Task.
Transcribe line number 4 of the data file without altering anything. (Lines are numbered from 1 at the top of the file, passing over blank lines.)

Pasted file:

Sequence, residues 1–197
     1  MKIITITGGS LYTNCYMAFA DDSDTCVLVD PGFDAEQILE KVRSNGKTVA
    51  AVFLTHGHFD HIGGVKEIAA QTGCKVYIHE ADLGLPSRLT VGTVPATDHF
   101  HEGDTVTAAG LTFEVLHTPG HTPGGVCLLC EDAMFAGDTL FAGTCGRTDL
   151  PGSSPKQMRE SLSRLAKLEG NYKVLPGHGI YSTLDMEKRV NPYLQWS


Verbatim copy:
   101  HEGDTVTAAG LTFEVLHTPG HTPGGVCLLC EDAMFAGDTL FAGTCGRTDL